Calcium phosphates with apatitic structure (or apatites) constitute the mineral part of hard tissues in vertebrates. The structure and properties of apatites open several possibilities in medical sciences and also play an important role in living organisms for biomineralization processes. One of the most interesting characteristics of apatitic calcium phosphate is its surface reactivity and capability to exchange mineral ions and small molecules upon interaction with surrounding fluids. Such surface properties can be exploited and tailored in materials science to obtain nanostructured and bioactive biomaterials, in particular in view of drug delivery and tissue engineering.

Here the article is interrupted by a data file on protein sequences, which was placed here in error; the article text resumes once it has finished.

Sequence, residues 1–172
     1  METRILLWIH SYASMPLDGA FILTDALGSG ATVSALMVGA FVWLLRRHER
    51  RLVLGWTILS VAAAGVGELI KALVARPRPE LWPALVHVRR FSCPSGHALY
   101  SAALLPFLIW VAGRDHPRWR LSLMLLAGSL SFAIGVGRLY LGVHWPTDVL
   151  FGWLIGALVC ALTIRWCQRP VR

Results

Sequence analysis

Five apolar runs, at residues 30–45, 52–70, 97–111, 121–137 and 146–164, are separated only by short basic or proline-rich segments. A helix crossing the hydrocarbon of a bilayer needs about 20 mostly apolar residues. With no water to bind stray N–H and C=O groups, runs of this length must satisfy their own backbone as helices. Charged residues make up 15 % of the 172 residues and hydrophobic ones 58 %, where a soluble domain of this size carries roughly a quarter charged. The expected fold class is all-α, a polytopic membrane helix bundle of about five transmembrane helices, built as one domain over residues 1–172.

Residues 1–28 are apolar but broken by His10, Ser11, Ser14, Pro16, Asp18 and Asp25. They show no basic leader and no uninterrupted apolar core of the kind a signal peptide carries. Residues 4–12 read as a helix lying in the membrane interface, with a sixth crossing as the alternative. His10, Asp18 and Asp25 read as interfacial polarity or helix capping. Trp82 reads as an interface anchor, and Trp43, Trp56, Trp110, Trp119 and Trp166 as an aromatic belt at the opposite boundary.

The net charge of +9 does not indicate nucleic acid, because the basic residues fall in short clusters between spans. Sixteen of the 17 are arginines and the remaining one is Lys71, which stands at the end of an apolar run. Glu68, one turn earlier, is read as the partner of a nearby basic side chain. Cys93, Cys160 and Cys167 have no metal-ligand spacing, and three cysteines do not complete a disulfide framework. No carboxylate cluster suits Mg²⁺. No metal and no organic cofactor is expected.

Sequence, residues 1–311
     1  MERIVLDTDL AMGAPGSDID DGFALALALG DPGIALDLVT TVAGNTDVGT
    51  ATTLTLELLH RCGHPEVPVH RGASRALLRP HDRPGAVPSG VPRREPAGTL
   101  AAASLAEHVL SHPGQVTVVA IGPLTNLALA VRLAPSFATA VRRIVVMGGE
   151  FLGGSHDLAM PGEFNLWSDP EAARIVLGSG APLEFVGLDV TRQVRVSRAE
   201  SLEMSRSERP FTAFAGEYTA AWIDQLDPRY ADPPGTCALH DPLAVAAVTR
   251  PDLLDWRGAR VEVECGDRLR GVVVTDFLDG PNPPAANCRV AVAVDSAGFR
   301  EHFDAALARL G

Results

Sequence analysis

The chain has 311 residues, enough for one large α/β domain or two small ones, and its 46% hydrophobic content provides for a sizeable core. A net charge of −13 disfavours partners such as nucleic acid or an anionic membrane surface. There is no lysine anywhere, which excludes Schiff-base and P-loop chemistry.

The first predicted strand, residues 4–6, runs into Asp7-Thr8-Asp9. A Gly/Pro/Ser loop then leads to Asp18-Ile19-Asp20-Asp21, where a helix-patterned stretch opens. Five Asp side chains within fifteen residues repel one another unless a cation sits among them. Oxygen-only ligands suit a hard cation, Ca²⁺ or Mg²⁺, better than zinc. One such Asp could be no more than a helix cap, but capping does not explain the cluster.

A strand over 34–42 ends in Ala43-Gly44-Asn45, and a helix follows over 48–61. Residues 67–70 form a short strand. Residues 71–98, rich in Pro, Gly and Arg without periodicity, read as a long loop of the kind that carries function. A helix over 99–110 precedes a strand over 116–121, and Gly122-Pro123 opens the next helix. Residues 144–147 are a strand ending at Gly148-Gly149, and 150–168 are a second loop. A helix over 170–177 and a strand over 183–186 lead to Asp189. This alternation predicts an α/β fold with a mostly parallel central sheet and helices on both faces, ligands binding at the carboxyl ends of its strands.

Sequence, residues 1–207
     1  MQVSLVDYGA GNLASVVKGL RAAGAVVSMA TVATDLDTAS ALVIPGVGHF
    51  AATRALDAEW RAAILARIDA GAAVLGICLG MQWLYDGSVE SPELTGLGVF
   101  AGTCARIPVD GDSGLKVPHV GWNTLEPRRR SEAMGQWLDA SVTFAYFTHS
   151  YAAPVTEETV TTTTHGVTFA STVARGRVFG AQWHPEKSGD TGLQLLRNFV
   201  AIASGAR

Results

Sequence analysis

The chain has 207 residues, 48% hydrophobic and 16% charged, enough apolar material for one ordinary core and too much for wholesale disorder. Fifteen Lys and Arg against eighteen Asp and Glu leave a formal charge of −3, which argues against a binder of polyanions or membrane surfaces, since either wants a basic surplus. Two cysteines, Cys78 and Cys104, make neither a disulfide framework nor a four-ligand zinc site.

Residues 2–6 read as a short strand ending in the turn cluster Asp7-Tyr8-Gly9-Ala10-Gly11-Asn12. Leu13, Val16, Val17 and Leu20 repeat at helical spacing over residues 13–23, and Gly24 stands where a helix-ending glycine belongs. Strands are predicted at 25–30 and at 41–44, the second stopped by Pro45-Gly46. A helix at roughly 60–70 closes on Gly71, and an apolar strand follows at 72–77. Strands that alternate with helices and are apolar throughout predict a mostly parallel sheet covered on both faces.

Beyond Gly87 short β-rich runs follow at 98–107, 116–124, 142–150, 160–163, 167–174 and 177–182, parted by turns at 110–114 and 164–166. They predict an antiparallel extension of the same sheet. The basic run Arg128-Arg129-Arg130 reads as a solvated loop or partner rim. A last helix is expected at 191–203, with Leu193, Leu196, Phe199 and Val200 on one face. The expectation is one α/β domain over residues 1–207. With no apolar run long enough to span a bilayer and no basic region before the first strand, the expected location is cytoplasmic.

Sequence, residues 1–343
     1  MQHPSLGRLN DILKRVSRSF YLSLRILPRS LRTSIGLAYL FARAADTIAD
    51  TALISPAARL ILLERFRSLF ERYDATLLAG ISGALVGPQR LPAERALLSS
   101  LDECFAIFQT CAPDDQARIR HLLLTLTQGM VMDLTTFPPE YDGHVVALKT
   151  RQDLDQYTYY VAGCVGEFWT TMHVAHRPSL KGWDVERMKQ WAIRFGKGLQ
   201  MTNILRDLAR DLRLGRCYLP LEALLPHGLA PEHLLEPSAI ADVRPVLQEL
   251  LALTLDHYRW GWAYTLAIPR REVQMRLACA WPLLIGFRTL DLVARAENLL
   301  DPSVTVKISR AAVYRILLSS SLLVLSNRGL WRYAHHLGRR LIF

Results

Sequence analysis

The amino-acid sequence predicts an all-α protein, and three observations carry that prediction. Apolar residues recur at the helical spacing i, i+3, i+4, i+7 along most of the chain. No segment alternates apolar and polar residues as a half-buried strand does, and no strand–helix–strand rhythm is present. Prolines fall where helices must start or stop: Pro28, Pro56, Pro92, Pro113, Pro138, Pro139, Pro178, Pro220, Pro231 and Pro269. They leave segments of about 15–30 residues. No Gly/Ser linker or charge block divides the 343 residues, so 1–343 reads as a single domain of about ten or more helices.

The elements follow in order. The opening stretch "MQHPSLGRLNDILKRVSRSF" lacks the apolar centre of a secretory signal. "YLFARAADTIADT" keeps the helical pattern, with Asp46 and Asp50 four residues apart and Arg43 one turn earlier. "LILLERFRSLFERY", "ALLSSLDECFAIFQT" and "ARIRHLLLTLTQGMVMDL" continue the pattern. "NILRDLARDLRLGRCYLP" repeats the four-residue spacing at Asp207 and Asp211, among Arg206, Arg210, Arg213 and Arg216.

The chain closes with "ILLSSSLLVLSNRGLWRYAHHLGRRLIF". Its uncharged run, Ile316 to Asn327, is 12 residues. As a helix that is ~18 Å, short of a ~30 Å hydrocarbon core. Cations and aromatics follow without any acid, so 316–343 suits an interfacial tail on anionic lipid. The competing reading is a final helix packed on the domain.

In this chapter, biogenic calcium phosphates will be first presented, giving details about the principal characteristics of bone, tooth and pathological calcifications where calcium phosphates are present. We will then expose a general presentation of calcium phosphates used as biomaterials, especially in terms of ceramics, cements and coatings. Then the surface chemistry of synthetic and biogenic calcium phosphates will be examined in detail, summarizing the principal surface characteristics of biomimetic nanocrystalline apatites and of some other calcium phosphates of biological interest. In a subsequent part of the chapter, we will discuss surface interaction processes between calcium phosphate and molecules of biological interest: on one hand in the case of biomolecules (including peptides and proteins) for biomaterials development and biomineralization aspects, and on the other hand in the case of bioactive molecules for specific applications in drug delivery. Finally, we will conclude this chapter by presenting some in vitro and in vivo results obtained on functionalized calcium phosphates with the aim to develop innovative drug delivery devices.